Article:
ABOUT THIS BOOK
Elegant, rich in history, and supremely useful, birches have played an extraordinary yet largely unrecognized part in shaping both our natural environment and the material culture and beliefs of millions of people around the world. Exploring birches’ many uses, the ancient beliefs and folklore we associate with them, their abiding portrayal in literature and art, and their biology, Birch presents a fascinating overview of the cultural and ecological significance of these versatile trees.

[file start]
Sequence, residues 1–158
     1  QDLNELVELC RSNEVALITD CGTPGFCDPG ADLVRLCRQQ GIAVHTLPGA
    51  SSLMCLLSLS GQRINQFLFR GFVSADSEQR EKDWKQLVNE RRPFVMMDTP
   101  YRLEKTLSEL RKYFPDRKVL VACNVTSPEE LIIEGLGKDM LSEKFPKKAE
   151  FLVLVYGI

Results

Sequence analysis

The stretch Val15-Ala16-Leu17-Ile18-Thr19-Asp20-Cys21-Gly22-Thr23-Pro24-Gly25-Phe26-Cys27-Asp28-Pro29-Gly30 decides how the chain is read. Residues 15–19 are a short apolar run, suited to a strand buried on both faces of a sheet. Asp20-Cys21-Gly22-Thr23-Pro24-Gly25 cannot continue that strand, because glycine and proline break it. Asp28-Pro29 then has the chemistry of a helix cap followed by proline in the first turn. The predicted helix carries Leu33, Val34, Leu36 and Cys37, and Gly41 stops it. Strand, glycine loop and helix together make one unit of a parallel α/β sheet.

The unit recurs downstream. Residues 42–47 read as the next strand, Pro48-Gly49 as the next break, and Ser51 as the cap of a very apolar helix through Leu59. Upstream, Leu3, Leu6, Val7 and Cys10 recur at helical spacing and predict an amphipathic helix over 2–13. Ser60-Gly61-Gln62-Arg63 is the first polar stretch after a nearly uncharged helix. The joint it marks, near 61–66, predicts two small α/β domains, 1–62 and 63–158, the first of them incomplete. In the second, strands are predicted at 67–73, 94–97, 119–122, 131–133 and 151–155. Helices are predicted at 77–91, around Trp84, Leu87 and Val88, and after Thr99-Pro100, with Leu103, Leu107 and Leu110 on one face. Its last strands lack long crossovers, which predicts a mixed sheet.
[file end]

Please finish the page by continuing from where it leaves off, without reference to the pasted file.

For thousands of years, birches have given the people of northern temperate forests and beyond raw materials in the form of leaves, twigs, branches, bark, wood, and sap—materials used not simply to survive, but to flourish and express identity in practical and spiritual ways. Tough, waterproof, and flexible, birch bark has been used for everything from basketry and clothing to housing, transport, musical instruments, and medicines, and even to communicate and record sacred beliefs: some of our most ancient Buddhist texts and other historic documents are written on birch bark. Birches have not only shaped regional indigenous cultures—for example, in the form of the Native American wigwam and the birch bark canoe—they also continue to be of global economic importance today. Featuring an arbor of illustrations and rich analyses, Birch is an enlightening look into the history and possible future of these beautiful trees.